As the First Cycle developed, the game saw the release of the Lord of the Crossing agenda. I believe this to be one of the earliest critical moments in the lifespan of 2nd Edition so far for a few reasons: It provided the first option for mono-faction decks other than Fealty, and thus provided a genuine choice. It provided a completely different way to have to approach the challenges phase, analogous in some ways to Wall defence decks. Finally, it provided a critical piece for the concept of rush decks, allowing for the relatively reliable generation of additional power every turn. To this day, it remains an excellent choice across a suite of decks for combating the repressive clock decks (Wall, Table and Chair) that, as of mid 2017, currently squat malevolently near the top of the metagame. The cards acquired in this time frame by Tyrell made them a prime candidate to leverage this agenda:

Taking the White: Tyrell Crossing

House Tyrell
Lord of the Crossing
Packs: From Core Set (3) to The King’s Peace

Plots
1x A Clash of Kings (Core Set)
1x A Noble Cause (Core Set)
1x Calling the Banners (Core Set)
1x Calm Over Westeros (Core Set)
1x Confiscation (Core Set)
1x Summons (Core Set)
1x A Tourney for the King (The King’s Peace)

Characters
3x Margaery Tyrell (Core Set)
3x Paxter Redwyne (Core Set)
3x Randyll Tarly (Core Set)
3x The Knight of Flowers (Core Set)
2x The Queen of Thorns (Core Set)
2x Courtesan of the Rose (Core Set)
3x Garden Caretaker (Core Set)
3x Wardens of the Reach (Core Set)
3x Arbor Knight (Taking the Black)
1x Syrio Forel (The Road to Winterfell)
2x Ser Hobber Redwyne (The King’s Peace)
3x Hedge Knight (The King’s Peace)

Locations
3x The Kingsroad (Core Set)
3x The Roseroad (Core Set)
2x The Mander (Core Set)
3x Rose Garden (Core Set)
2x Pleasure Barge (Taking the Black)
1x Street of the Sisters (Taking the Black)

Attachments
2x Seal of the Hand (Core Set)
1x Little Bird (Core Set)
1x Heartsbane (Core Set)
2x Mare in Heat (The King’s Peace)

Events
2x Put to the Sword (Core Set)
2x The Hand’s Judgment (Core Set)
2x Support of the People (Taking the Black)
3x Lady Sansa’s Rose (The Road to Winterfell)

A number of cards had been released (principally for Tyrell) that developed and strengthened the rush archetype, and gave it teeth:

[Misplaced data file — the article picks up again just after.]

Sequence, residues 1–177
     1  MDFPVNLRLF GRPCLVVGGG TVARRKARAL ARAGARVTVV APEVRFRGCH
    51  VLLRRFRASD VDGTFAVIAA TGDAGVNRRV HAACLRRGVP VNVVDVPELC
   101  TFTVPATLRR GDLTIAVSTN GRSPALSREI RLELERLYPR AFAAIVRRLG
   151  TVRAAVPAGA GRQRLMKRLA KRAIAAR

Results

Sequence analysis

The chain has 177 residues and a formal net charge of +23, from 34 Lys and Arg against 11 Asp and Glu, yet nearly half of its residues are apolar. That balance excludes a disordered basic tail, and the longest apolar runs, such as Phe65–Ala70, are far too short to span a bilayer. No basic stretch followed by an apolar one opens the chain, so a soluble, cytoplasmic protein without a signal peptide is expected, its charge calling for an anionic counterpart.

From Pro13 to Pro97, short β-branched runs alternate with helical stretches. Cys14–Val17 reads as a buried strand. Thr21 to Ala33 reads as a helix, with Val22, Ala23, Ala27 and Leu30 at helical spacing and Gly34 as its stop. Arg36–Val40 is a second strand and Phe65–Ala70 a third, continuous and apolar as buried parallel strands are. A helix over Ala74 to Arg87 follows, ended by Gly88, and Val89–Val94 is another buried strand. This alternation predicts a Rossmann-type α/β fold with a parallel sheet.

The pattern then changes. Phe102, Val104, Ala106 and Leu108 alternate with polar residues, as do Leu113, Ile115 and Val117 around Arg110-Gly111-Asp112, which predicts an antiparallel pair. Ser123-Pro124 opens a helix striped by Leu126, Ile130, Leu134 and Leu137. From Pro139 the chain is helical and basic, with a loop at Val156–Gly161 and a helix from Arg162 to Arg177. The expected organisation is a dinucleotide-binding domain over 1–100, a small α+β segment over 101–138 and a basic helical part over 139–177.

It cannot be understated how important the release of Arbor Knight was for these decks. In the majority of cases, you want to ‘cross’ with the power challenge, and this Military/Intrigue bicon provided a character which could be used to chump the less important first challenge with the -1 Str. Not only this, but it placed a burden of decision on your opponent provided by the Challenges Action, since you could alter the strength to potentially win the challenge anyway. Other cards like the new Mare in Heat (which the Arbor Knight provided a fantastic target for) and Margaery exacerbated this problem. Pleasure Barge (discussed in depth later) provides the burst draw which helps support these kinds of faster decks, and really shines here where the downside isn’t relevant since the game was likely to be over relatively quickly. The fulcrum of the deck, however, is still Randyll Tarly. With the ability to potentially be involved in multiple challenges a turn, he can generate very rapid power gain, and happens to synergise exceptionally well with the Crossing agenda. The Crossing challenge strength pump stands Randyll, allowing you to use him on defence if going first, or to potentially win dominance if going second. The strength generated on the third challenge by the Crossing, as well as Margaery’s ability, allow you to push through a number of effects relying on challenge strength differential, in this deck PTTS, The Mander and Street of the Sisters, which plays into the rush archetype very well, providing additional power generation whilst utilising a neglected resource in the deck, the faction kneel. Finally, closing power was provided by the Tourney for the King, and Lady Sansa’s Rose. This card is difficult to set up to get the three power, but can be pushed through effectively using Loras‘ in built joust ability (or a Knight with Mare in Heat) for a massive payoff. Of course, the Arbor Knight does work here again, capable of being involved in both these effects.